back from Kyoto. I wanted the scent to blend in with the natural smell of the boys in the presentation, it was a really hot day, and they were walking around between plants in a manner that evoked cruising. The scent of the potpourri, the boys sweat and the plants just all worked really well together. Hot! Which are your favorite hide-outs in Paris? I spend most of my free time in London, so I am going to give you my favorite hide-outs there: breakfast at the Towpath in de Beauvoir, their grilled cheese sandwich is to die for, I love walking along the canal, brunch at Rawduck, Epping forest, in the fall the colors are splendid, the British library is the best place to read a book, you need to make an appointment for the reading room and it's great to hide away from the crowd. Then back at the Towpath for drinks and dinner at Gujurati Rasoi, they have my favorite dish on earth there, I always

order the same thing. What turns you on? A Wolfgang Tillmans picture. I went to see his exhibition at the Tate in London it was simply breathtaking. What turns you off? Being unthoughtful or unconscious. I'm quoting Jake Gyllenhaal, I had to google this answer, I couldn't think of anything that turns me off. Can you share with us your latest obsessions? I have discovered this beautiful bookstore in Paris, where they have an amazing selection of queer literature and art. I recently read L’Age d’or by Pierre Herbart which I highly recommend. And I am in the middle of reading Call me by your Name by André Aciman which is the story of a sudden and powerful romance that blossoms between an adolescent boy and a summer guest at his parents villa on the Italian Riviera. It is being released as a film next year and I cannot wait to see how they will translate this

back from Kyoto. I wanted the scent to blend in with the natural smell of the boys in the presentation, it was a really hot day, and they were walking around between plants in a manner that evoked cruising. The scent of the potpourri, the boys sweat and the plants just all worked really well together. Hot! Which are your favorite hide-outs in Paris? I spend most of my free time in London, so I am going to give you my favorite hide-outs there: breakfast at the Towpath in de Beauvoir, their grilled cheese sandwich is to die for, I love walking along the canal, brunch at Rawduck, Epping forest, in the fall the colors are splendid, the British library is the best place to read a book, you need to make an appointment for the reading room and it’s great to hide away from the crowd. Then back at the Towpath for drinks and dinner at Gujurati Rasoi, they have my favorite dish on earth there, I always order the same thing. What turns you on? A Wolfgang Tillmans picture. I went to see his exhibition at the Tate in London it was simply breathtaking. What turns you off? Being unthoughtful or unconscious. I’m quoting Jake Gyllenhaal, I had to google this answer, I couldn’t think of anything that turns me off. Can you share with us your latest obsessions? I have discovered this beautiful bookstore in Paris, where they have an amazing selection of queer literature and art. I recently read L’Age d’or by Pierre Herbart which I highly recommend. And I am in the middle of reading Call me by your Name by André Aciman which is the story of a sudden and powerful romance that blossoms between an adolescent boy and a summer guest at his parents villa on the Italian Riviera. It is being released as a film next year and I cannot wait to see how they will translate this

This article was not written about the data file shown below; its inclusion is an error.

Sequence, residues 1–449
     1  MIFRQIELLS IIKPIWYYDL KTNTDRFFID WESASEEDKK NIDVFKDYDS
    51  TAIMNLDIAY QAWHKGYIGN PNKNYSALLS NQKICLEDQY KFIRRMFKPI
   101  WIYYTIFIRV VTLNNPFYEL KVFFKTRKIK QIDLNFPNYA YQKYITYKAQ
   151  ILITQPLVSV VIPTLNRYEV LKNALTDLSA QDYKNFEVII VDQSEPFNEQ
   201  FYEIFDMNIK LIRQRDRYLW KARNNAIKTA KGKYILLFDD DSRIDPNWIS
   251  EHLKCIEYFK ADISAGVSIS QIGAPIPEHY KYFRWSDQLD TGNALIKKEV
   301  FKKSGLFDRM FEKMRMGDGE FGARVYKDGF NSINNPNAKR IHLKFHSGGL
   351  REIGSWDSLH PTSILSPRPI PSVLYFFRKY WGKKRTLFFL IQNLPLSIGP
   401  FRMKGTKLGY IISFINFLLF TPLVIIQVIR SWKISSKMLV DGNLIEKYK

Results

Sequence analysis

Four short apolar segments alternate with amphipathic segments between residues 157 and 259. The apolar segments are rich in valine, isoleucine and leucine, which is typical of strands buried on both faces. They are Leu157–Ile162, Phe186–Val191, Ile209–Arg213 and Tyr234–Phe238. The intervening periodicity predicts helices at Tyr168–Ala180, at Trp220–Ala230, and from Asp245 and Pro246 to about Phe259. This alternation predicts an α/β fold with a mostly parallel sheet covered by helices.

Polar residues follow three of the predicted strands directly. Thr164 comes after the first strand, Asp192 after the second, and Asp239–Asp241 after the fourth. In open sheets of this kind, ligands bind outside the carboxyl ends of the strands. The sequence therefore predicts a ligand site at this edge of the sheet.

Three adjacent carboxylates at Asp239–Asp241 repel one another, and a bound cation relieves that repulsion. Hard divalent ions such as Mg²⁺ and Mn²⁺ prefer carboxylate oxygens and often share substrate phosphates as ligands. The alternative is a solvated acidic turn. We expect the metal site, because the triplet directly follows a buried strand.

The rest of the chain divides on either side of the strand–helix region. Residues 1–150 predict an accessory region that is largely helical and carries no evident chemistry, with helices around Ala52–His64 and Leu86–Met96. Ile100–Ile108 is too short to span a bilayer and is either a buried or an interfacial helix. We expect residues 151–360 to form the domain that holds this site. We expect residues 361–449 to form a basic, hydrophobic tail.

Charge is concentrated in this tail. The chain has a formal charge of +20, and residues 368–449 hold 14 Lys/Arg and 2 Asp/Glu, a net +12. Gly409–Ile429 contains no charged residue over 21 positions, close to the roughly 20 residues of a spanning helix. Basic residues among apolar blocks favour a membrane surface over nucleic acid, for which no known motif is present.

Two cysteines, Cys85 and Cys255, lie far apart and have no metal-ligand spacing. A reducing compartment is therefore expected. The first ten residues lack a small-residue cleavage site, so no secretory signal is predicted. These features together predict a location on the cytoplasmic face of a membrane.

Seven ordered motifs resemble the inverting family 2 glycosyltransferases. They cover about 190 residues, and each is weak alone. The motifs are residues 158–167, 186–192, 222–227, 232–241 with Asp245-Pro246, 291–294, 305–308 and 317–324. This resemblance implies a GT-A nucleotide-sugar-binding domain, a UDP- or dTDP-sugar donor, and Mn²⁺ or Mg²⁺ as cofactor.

beautiful book. Where would you like to take your brand to next? I have some very exciting projects and collaborations coming up but it is a bit too early to reveal. It is amazing how quickly things can move these days but most of the time it’s just me and I’d like to do things slowly and well rather than rush them. What are you doing after this? It's my birthday today [28th of August], so I am going to eat some cake and enjoy a lovely dinner with my family!

beautiful book. Where would you like to take your brand to next?
I have some very exciting projects and collaborations coming up but it is a bit too early to reveal. It is amazing how quickly things can move these days but most of the time it’s just me and I’d like to do things slowly and well rather than rush them. What are you doing after this? It’s my birthday today [28th of August], so I am going to eat some cake and enjoy a lovely dinner with my family!

Photography Alex Franco. Fashion Editor Gabriella Norberg
Hair Yumi Nakada-Dingle. Make-Up Rebecca Wordingham
As seen in Hercules Universal XXIII
Photography Alex Franco
Fashion Editor Gabriella Norberg
Hair Yumi Nakada-Dingle
Make-Up Rebecca Wordingham
As seen in Hercules Universal XXIII